China-led consortium wins high-speed rail project in Egypt
The consortium will be responsible for the design, operation and financing of a brand new high-speed rail project in Egypt. The project will connect Alamein with Ain Sokhna in Egypt. The cities lie either end of the nation and are both approximately two hours away from the country’s capital, Cairo.
A number of media reports have said that the high-speed rail project will have a top speed of around 250kph (155 mph) and will span a total distance of 543 kilometres. The project will also cut through a number of cities and other settlements, these include Sixth of October, Burj Al-Arab and Alexandria.
The consortium is led by CCECC, based in China. The consortium includes Egypt-based Samcrete, in addition to Arab Organisation for Industrialization, China Civil Engineering Construction Corporation, and China Railway Construction Corporation.
Egypt’s government released an international tender for the rail project and a total of nine consortia submitted bids. These were defined to two consortia, with the losing one consisting of AVIC, China State and CREC from China, Siemens form Germany, France Railways, Orascom and the Arab Contractors.
Sherif Nazmy, Chief Executive Officer and Managing Director of Samcrete, described the project as representing a “major turning point”, being one of the many nations making use of express trains.
So far, the project has been widely received thanks to the planned route connecting the Red Sea with the Mediterranean Sea in a three-hour trip. The project is set to boost the speed of development through the transportation of goods and passengers.
The line will be the Middle East’s longest and largest, and is the first electric railway line to be implemented in the nation since 1854.
Nazmy said the trains for the project would be built in east Port Said which includes Chinese technology being shifted to Egypt. The vitality of the scheme has been compared similarly to the Suez Canal, a major artificial sea-level waterway based in the nation which was built in the mid to late 19th century.
Apprenticeships can bridge skills gap says Autodesk director
The UK construction industry needs 216,800 new workers by 2025 to meet rising demand, according to the Construction Skills Network published by CITB.
Even before Covid-19, it was estimated it needs to attract 400,000 new recruits each year to meet the UK’s infrastructure needs.
But given one in three current construction employees are over 50 there is predicted to be a 20-25% decline in the available workforce over the next decade. And with end of the free movement of people from the EU, it has further limited access to skilled talent.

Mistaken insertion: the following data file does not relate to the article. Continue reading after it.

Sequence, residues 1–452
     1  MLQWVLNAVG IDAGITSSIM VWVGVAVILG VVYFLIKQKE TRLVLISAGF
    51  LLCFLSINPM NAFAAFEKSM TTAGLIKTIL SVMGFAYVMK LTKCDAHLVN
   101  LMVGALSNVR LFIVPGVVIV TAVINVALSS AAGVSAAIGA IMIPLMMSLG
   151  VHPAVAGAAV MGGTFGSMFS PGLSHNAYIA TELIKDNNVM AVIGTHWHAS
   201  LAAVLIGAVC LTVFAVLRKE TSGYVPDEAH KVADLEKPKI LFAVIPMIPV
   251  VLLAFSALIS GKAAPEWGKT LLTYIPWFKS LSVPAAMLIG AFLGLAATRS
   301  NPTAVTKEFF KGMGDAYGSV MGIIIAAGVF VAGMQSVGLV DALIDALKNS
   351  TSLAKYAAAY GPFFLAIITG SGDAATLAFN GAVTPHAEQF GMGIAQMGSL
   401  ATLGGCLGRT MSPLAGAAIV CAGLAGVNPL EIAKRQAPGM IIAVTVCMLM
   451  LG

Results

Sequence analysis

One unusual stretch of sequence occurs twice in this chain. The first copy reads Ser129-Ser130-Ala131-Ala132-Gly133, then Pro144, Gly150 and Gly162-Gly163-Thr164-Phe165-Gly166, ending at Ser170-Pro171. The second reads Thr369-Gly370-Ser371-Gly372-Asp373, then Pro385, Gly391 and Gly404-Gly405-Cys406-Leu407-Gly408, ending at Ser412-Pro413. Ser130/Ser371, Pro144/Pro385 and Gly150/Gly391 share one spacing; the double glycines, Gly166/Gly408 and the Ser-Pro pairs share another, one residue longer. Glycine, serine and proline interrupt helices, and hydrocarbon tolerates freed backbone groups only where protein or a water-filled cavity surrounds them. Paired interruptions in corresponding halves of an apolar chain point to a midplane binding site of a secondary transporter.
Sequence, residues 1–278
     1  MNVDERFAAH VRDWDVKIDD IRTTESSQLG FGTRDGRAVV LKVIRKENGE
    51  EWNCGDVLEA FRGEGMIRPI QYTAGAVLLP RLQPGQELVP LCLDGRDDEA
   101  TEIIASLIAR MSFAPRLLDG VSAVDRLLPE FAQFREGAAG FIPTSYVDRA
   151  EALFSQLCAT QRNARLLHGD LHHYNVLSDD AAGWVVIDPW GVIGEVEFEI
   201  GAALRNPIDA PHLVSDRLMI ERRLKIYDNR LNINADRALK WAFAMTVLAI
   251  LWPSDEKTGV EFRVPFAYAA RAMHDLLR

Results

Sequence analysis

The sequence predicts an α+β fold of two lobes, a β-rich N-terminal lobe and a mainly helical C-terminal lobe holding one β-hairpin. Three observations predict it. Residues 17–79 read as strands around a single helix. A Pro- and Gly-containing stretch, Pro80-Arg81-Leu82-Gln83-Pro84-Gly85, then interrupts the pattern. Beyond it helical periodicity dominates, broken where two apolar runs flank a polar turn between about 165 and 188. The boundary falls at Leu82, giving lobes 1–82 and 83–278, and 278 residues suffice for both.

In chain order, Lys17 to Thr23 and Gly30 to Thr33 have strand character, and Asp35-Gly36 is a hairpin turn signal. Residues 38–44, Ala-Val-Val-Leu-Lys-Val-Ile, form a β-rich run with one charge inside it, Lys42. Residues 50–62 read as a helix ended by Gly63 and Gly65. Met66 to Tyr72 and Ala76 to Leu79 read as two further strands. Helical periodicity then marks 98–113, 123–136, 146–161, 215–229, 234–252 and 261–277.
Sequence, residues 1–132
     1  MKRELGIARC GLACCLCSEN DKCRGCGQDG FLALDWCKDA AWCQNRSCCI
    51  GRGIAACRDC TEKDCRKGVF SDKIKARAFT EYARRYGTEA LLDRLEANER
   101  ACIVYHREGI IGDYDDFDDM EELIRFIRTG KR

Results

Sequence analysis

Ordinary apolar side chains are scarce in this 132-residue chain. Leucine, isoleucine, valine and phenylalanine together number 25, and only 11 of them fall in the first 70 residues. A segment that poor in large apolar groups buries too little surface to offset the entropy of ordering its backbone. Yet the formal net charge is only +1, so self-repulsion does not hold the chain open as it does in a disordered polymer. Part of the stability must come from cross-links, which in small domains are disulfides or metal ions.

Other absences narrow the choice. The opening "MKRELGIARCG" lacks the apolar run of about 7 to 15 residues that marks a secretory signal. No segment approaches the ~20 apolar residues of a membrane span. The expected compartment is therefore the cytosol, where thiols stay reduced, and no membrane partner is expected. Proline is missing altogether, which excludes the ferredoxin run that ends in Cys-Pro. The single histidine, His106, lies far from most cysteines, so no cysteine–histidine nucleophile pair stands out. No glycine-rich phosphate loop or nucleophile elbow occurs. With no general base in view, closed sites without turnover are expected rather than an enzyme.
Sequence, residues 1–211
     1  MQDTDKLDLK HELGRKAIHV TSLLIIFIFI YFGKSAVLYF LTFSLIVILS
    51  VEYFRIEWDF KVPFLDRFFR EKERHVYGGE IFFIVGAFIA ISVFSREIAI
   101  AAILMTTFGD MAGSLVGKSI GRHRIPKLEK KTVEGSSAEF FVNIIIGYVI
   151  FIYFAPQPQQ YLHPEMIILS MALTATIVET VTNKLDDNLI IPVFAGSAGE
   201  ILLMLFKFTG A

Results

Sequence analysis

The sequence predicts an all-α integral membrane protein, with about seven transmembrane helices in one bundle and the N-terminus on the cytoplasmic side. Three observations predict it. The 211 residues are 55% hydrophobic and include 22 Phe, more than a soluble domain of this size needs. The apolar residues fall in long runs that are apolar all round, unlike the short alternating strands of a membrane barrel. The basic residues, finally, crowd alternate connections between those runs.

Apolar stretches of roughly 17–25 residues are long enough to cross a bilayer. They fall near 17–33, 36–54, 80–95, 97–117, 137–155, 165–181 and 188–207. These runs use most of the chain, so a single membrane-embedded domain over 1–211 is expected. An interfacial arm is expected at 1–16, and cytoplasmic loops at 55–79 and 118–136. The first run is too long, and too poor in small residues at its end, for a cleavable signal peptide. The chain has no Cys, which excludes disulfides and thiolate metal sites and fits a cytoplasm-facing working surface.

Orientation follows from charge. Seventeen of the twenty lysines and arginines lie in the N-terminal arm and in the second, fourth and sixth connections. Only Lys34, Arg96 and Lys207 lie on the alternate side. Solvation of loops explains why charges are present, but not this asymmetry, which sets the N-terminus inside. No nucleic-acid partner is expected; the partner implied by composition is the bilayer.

Mike Pettinella, Director, Autodesk Construction Solutions EMEA, believes the solution may be one that is hardly new, but might have taken a back seat during the pandemic.
"Apprenticeships could help us bridge the construction skills gap and meet this rapidly rising demand, and attract a new crop of younger talent to the industry," he said.
"Apprenticeships benefit everyone. For candidates, it’s an opportunity to learn valuable skills without incurring thousands of pounds of student debts. For employers, it’s a chance to train up employees in the competencies that are really needed – combining technical knowledge with collaboration and team work, which are equally important as you enter a new industry. And if you’re a larger company and already required to pay the apprenticeship levy, it makes sense to ensure you’re benefitting from the scheme too."
Marshall Construction recently took on nine new apprenticeships covering various roles. "Some of our previous apprentices have left and started their own businesses, which sets them up for life," said Chairman Robert Marshall. "Most of our current managers came from organic growth within the business whom we have trained to our own standards." Firms such as Barnwood Construction and Keepmoat Homes are also advertising and supporting apprenticeships.
According to the CSN, most English regions will experience an increase in construction workers by 2025, with East Midlands (1.7%) and West Midlands (1.4%) forecast to lead demand. Scotland (1.4%) and Wales (0.7%) are also predicted to fare well. The only region forecast to see a slight decline in workforce is the North East (-0.1%).
Major projects such as HS2 are driving growth in some regions and infrastructure (5.2%) and private housing (6.7%) should see the healthiest pace of expansion by 2025.
The impact of the Fourth Industrial Revolution on the future shape of work will be profound. Modelling by the McKinsey Global Institute on the effects of technology adoption on the UK workforce shows that up to 10 million people, or around 30 percent of all UK workers, may need to transition between occupations or skill levels by 2030.